claim.” Wooten v. Kirkland, 540 F.3d 1019,
1024 (9th Cir. 2008). Accordingly, the Court finds that
Petitioner has failed to demonstrate good cause for his
failure to exhaust under Rhines and is not entitled
to a stay.
directs that “if a petitioner presents a district court
with a mixed petition and the court determines that stay and
abeyance is inappropriate, the court should allow the
petitioner to delete the unexhausted claims and to proceed
with the exhausted claims if dismissal of the entire petition
would unreasonably impair the petitioner's right to
obtain federal relief.” Rhines, 544 U.S. at
278. However, as discussed in section II(B), infra,
the sole exhausted claim only raises an error of state law,
which is not cognizable in federal habeas corpus. Therefore,
dismissal of the entire petition is appropriate.
Cognizability of Claim 3 in Federal Habeas
respect to claim 3, the sole exhausted claim in the petition,
Petitioner alleges that the trial court erroneously admitted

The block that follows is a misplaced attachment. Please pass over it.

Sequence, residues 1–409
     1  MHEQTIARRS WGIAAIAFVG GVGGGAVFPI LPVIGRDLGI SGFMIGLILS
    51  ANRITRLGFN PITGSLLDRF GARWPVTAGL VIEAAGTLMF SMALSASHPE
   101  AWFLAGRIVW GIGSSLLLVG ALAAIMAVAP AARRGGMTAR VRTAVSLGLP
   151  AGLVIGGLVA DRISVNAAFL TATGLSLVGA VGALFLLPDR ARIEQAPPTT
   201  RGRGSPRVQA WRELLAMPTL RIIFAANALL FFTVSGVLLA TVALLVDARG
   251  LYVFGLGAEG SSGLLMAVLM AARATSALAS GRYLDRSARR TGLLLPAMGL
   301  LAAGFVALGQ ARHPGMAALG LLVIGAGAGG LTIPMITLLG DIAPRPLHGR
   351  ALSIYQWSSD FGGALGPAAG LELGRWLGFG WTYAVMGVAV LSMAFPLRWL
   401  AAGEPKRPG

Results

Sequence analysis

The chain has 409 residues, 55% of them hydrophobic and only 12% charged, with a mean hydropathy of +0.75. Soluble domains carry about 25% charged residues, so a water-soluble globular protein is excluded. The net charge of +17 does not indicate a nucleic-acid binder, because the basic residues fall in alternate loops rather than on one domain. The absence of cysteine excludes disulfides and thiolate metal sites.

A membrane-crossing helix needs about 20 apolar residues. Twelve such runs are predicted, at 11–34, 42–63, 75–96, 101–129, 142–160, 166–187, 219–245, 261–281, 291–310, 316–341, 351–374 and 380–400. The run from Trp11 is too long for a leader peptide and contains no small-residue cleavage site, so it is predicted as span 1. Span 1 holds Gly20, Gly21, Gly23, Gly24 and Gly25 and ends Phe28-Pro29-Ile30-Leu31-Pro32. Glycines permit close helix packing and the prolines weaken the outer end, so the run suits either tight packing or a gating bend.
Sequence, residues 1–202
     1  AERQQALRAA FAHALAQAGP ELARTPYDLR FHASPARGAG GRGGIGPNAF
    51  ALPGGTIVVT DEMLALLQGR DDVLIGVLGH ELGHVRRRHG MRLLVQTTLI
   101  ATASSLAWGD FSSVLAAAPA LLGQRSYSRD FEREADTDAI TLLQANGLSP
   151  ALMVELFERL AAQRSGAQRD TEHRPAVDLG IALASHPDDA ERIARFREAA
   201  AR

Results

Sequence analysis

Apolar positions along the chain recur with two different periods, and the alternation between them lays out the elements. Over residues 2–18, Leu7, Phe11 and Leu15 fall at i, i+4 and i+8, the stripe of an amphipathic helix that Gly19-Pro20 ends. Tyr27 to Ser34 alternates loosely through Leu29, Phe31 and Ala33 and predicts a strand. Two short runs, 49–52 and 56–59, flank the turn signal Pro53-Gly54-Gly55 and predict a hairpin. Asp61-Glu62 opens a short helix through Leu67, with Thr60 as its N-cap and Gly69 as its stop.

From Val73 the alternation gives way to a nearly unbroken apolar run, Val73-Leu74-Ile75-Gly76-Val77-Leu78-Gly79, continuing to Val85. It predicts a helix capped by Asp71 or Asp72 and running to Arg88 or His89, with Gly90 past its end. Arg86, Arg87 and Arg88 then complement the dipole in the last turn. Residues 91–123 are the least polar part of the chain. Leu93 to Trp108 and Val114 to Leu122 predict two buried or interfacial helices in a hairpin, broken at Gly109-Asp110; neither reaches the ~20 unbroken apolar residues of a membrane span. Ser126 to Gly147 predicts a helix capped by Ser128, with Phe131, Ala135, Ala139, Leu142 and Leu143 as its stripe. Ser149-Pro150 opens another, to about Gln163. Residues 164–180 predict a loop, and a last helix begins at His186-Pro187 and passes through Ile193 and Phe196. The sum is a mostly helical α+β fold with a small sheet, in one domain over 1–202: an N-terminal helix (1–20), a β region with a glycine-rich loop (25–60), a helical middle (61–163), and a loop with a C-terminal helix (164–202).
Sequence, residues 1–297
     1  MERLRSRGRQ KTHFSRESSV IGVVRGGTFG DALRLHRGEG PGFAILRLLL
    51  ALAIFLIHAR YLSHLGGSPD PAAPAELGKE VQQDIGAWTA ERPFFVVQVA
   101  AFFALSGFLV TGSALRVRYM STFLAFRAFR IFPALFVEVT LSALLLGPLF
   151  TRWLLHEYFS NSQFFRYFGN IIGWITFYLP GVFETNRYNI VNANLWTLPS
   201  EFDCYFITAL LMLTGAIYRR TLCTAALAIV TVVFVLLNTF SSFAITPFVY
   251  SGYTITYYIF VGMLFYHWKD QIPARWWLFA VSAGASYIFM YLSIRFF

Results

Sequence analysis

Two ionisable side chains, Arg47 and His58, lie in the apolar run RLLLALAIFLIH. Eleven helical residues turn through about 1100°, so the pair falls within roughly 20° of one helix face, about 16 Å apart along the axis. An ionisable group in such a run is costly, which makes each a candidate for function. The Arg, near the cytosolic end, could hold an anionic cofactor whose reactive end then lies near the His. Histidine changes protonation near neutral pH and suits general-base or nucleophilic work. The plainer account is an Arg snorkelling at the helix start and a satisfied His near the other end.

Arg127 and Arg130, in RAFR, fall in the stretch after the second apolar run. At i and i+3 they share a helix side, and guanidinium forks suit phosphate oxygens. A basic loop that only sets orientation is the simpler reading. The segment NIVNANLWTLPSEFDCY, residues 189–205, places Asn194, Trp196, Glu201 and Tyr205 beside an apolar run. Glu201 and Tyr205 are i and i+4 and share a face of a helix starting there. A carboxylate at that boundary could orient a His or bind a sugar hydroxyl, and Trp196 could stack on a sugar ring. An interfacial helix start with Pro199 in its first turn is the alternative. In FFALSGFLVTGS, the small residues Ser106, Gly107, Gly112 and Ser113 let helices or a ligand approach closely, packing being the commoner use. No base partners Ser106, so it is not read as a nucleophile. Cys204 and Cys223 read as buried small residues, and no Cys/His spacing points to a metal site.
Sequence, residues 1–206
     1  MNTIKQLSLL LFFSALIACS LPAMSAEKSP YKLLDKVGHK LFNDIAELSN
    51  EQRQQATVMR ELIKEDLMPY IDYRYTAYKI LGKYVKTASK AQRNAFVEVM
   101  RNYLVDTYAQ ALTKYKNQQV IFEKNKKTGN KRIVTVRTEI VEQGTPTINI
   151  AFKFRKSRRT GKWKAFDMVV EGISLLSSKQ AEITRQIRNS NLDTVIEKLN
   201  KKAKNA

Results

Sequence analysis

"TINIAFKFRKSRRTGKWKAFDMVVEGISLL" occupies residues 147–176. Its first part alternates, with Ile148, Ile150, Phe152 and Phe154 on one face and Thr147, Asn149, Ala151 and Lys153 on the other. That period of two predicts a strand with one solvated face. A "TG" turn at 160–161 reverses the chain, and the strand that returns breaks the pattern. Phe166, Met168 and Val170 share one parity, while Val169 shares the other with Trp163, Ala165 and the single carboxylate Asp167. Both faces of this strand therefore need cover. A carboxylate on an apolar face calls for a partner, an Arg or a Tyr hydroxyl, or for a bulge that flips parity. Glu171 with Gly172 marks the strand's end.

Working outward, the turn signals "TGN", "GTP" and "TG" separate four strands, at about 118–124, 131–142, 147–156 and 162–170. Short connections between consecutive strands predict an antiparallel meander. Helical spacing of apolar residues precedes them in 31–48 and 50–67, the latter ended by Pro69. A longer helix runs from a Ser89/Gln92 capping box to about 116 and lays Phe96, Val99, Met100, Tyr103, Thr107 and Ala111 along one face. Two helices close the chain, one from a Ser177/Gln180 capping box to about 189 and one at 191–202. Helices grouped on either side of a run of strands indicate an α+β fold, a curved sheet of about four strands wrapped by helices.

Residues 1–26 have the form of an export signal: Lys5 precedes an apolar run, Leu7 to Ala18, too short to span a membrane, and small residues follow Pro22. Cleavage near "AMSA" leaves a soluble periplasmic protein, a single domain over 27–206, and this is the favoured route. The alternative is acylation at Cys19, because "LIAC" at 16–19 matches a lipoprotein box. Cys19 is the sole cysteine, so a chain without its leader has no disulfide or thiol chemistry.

evidence of Petitioner's prior uncharged violent acts
against the victim under California Evidence Code section
1109. (ECF No. 1 at 7). Whether such evidence was incorrectly
admitted under the California Evidence Code is an issue of
state law, and errors of state law do not warrant federal
habeas corpus relief. See Estelle v. McGuire, 502
U.S. 62, 67-68 (1991) (“We have stated many times that
‘federal habeas corpus relief does not lie for errors
of state law.' Today, we reemphasize that it is not the
province of a federal habeas court to reexamine state-court
determinations on state-law questions.”) (citations
omitted); Langford v. Day, 110 F.3d 1380, 1389 (9th
Cir. 1996) (“We accept a state court's
interpretation of state ...